- Heyman adds that the Angels have long been interested in Hughes, nearly drafting him in 2004 before owner Arte Moreno insisted the team select Jered Weaver. However, given the Halos' current record, they don't appear to be buyers.
Aaron Steen contributed to this post.
Ken Rosenthal of FOX Sports has a lengthy new article discussing All-Stars, some of the game's top young hitters and a plethora of hot stove info. Here are some highlights…
- Rival executives around the league are critical of the Mariners for rushing their top prospects, but Rosenthal notes that Nick Franklin has been more than up to the challenge, and Brad Miller earned his promotion with his minor league performance. Regarding the struggling Mike Zunino, GM Jack Zduriencik told Rosenthal: "We planned all along to get Mike to Seattle at some point in July … He wasn't expected to be a big contributor offensively if it was now, July, September … but he has held his own, and what he is receiving now will set him up for 2014 and beyond."
- Multiple scouts have questioned the work ethic of the Brewers' players, with one telling Rosenthal "there's a lot of quit on that team." Rosenthal writes that it isn't manager Ron Roenicke's fault that Ryan Braun, Corey Hart and Aramis Ramirez have been injured, but the negative reports could be an "ominous sign" for Roenicke. Rosenthal tweets a correction, noting that Roenicke is signed through 2014, not through 2013 as he initially reported.
- The Yankees aren't planning a fire sale, but if they did, they'd have some of the most attractive trade chips in the game. The Yankees could part with Joba Chamberlain and Phil Hughes, however, and Rosenthal adds Curtis Granderson's name to the mix, assuming the injured outfielder gets healthy in time.
- The Rays aren't looking to add a starting pitcher with both David Price and Alex Cobb likely to return in the near future. If the Rays make any moves at all, they'll be for impact players regardless of position.
- The Cubs are "all but certain" to trade pending free agents Matt Garza, Kevin Gregg and Scott Feldman, but they're not in a rush to deal Nate Schierholtz and David DeJesus, both of whom are controlled beyond 2013.
The Yankees and Dodgers have far and away the game's highest Opening Day payrolls, but have had polar opposite results thus far. While the Yanks were supposed to be the team that failed to deliver performance commensurate with its big spending, they sit atop the AL East with a robust 29-18 record. The Dodgers, meanwhile, are buried seven games back in the basement of the NL West, sporting a 19-27 mark after a listless showing against the Cardinals last night at Dodger Stadium. Let's take a look at the latest on these clubs:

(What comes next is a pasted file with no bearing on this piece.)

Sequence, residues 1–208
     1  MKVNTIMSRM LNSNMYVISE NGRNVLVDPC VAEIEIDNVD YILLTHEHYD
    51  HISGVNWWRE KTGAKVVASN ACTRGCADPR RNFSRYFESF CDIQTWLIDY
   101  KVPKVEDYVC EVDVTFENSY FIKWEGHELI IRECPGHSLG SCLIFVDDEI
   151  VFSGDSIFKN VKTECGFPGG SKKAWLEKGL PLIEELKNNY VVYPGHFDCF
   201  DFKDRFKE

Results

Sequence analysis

- It has been a comedy of injuries this year for the Yankees, with a steady flow of DL stints nevertheless failing to slow the team's winning ways. Last night brought more of the same, as two key players — outfielder Curtis Granderson and starter David Phelps — left the team's 9-4 drubbing of the Rays. MLB.com's Bryan Hoch had the story. Phelps, who was hit on the arm by a come-backer, appears to have escaped significant injury and is expected to make his next scheduled start. Granderson was not so lucky. After suffering a broken forearm on a hit-by-pitch during Spring Training, causing him to miss the first month and a half of the year, Granderson only logged 31 big league plate appearances before being struck by another inside pitch. This time, the ball broke a knuckle on his left hand. The preliminary word is that he will miss a minimum of four weeks. The path to a substantial free agent pay day is now murkier for the big left-handed bat, who is set to hit the market after the season. It seems unlikely, at this point, that Granderson will have more than half of a season of performance in his walk year. While he has been a consistent home run and stolen base threat for much of his career, teams will certainly watch closely to see whether his arm and hand injuries sap his power as he finishes off his age-32 season.